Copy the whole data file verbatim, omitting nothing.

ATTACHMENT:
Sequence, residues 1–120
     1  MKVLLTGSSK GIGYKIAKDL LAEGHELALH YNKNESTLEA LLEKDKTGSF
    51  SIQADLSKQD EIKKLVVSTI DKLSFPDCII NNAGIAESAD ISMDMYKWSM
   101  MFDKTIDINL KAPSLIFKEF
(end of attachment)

Sequence, residues 1–120
     1  MKVLLTGSSK GIGYKIAKDL LAEGHELALH YNKNESTLEA LLEKDKTGSF
    51  SIQADLSKQD EIKKLVVSTI DKLSFPDCII NNAGIAESAD ISMDMYKWSM
   101  MFDKTIDINL KAPSLIFKEF